Behavioral Ecology and Sociobiology

, Volume 61, Issue 3, pp 455–463 | Cite as

Mechanism of egg recognition in defenses against conspecific brood parasitism: American coots (Fulica americana) know their own eggs

  • Bruce Lyon
Original Article


Hosts of avian brood parasites use a variety of defenses based on egg recognition to reduce the costs of parasitism; the most important of which is rejecting the parasitic eggs. Two basic recognition mechanisms are possible: “true recognition”, whereby hosts recognize their own eggs irrespective of their relative frequency in the clutch, and minority recognition (or “recognition by discordancy”), whereby hosts respond to the minority egg type. The mechanism of recognition has been experimentally studied in a handful of species parasitized by interspecific brood parasites, but the mechanism used in defenses against conspecific brood parasitism is unknown. I experimentally determined the mechanism of egg recognition in American coots (Fulica americana), a species with high levels of conspecific brood parasitism, egg recognition, and rejection. I swapped eggs between pairs of nests to alter frequencies of host and “parasite” eggs and then used two criteria for recognition: egg rejection and nonrandom incubation positions in the clutch. Eight of 12 nests (66%) given equal frequencies of host and parasite eggs showed evidence of true recognition. In contrast, only one of eight (12.5%) nests where host eggs were in the minority showed evidence of recognition by discordancy. The nonrandom incubation positions of parasitic eggs indicates that birds sometimes recognize parasitic eggs without rejecting them and provides a means of assessing recognition on a per nest basis in species with large clutches. Adaptive recognition without rejection may also be an important evolutionary stepping stone to the evolution of egg rejection in some taxa.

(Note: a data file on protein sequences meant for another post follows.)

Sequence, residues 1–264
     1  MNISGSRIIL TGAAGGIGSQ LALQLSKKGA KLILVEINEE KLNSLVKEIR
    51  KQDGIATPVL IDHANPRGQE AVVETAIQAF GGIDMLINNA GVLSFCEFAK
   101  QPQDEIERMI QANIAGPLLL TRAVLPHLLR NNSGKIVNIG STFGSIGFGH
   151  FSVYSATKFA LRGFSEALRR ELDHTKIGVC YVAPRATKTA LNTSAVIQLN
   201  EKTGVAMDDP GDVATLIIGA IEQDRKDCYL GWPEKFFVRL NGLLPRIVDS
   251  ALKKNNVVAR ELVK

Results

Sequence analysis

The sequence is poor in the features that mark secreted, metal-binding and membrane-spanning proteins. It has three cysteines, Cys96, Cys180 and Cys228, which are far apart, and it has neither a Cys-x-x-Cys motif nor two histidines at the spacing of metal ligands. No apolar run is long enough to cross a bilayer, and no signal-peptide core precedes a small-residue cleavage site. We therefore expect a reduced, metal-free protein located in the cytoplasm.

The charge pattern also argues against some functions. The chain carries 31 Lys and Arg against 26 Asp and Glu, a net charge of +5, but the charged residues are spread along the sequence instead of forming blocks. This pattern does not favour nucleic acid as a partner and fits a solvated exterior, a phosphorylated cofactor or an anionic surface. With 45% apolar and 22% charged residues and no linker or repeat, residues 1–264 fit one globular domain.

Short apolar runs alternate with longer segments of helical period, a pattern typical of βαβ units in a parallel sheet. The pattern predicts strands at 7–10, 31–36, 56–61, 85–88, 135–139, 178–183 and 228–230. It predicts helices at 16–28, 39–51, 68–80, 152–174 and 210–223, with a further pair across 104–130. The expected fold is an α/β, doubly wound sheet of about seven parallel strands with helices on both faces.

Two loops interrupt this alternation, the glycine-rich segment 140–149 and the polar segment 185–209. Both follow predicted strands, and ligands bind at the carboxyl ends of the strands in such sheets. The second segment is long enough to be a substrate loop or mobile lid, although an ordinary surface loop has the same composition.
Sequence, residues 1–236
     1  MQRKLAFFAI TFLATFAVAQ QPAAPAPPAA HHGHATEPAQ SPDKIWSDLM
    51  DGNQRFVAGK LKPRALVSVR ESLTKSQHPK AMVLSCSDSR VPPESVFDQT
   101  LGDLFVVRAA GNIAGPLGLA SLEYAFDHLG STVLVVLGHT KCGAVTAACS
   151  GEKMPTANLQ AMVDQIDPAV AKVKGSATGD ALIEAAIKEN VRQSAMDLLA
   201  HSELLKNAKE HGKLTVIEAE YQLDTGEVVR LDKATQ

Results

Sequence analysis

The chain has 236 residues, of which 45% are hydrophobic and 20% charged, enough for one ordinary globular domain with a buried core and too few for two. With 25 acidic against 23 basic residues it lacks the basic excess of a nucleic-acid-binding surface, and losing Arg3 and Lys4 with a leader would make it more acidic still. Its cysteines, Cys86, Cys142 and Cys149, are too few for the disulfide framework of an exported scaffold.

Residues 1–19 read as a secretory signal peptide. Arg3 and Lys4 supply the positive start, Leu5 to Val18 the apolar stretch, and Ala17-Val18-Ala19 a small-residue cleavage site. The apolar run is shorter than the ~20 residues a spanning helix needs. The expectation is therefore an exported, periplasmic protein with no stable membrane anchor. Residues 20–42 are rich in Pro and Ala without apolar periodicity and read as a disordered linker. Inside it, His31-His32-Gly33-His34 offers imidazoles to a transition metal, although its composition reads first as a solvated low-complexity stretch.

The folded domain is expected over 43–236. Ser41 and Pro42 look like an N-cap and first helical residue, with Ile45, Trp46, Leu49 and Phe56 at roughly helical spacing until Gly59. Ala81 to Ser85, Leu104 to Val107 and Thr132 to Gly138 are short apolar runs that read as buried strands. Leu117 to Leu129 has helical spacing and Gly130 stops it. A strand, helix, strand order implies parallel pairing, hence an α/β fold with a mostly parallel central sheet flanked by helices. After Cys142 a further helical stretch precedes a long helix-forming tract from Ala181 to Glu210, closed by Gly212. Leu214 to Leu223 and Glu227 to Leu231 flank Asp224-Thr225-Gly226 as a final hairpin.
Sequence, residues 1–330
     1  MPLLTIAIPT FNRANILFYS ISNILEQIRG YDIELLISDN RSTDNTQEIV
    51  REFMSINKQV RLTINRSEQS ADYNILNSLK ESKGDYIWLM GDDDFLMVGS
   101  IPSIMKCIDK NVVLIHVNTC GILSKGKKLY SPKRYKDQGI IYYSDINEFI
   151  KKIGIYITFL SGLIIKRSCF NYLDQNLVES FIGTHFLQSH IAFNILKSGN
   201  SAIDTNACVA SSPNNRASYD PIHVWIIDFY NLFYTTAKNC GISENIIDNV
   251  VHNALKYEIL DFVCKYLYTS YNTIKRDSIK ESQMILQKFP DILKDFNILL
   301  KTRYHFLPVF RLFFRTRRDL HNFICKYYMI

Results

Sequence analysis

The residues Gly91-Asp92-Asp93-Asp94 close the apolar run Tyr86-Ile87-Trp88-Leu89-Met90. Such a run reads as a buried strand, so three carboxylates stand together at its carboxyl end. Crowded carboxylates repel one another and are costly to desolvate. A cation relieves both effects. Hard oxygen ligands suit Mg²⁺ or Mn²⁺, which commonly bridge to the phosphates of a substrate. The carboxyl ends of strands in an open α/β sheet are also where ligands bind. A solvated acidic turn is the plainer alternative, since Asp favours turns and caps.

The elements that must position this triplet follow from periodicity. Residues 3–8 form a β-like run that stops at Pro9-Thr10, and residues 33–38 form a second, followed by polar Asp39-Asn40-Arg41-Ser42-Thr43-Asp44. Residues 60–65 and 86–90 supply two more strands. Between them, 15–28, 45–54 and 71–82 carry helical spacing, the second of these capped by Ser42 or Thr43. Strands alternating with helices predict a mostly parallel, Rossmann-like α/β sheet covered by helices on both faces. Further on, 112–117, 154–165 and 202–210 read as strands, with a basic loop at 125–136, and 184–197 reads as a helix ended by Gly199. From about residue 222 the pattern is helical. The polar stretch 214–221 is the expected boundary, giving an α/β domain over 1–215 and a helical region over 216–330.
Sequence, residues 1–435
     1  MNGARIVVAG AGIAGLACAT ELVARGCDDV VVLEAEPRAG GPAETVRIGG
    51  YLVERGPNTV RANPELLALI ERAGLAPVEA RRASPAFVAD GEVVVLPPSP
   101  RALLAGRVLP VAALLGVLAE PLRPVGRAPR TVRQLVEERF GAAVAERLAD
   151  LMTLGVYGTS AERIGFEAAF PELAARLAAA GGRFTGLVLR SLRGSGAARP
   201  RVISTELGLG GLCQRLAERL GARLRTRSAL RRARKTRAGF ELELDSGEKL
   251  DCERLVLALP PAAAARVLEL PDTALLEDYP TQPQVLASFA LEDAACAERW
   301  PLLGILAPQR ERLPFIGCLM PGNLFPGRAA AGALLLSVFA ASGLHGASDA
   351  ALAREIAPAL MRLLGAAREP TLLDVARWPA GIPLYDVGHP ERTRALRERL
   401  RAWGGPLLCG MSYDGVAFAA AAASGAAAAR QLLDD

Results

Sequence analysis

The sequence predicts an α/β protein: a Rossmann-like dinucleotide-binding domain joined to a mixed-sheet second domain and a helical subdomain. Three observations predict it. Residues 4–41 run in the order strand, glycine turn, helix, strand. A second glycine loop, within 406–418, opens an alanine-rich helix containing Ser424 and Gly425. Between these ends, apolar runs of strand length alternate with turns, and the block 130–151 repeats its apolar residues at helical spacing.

Egg recognition Recognition mechanism Egg rejection Brood parasitism American coot 



Alexis Chaine, David Lahti, and two anonymous reviewers provided helpful comments on the manuscript. Brad Bair, Louise Cargill, Susie Everding, Linda Hamilton, Daniel Hansen, Michael Magrath, and Carolyn Morrill assisted with fieldwork. Veera Bonner, Phil Ransen, Dave Falconer, Ron Boychuk, Brian Nuttall, and Ducks Unlimited Canada provided logistic support. The Chapman Fund of the American Museum of Natural History, the National Geographic Society, a dissertation improvement grant from the National Science Foundation, Princeton University, and the Sigma Xi Society provided financial support for the fieldwork and I was supported by a grant from the National Science Foundation (NSF 0443807) during analysis and writing. The research was conducted under permits from the Canadian Wildlife Service and the Animal Care Committee of Princeton University.


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Copyright information

© Springer-Verlag 2006

Authors and Affiliations

  1. 1.Department of Ecology and Evolutionary BiologyUniversity of CaliforniaSanta CruzUSA

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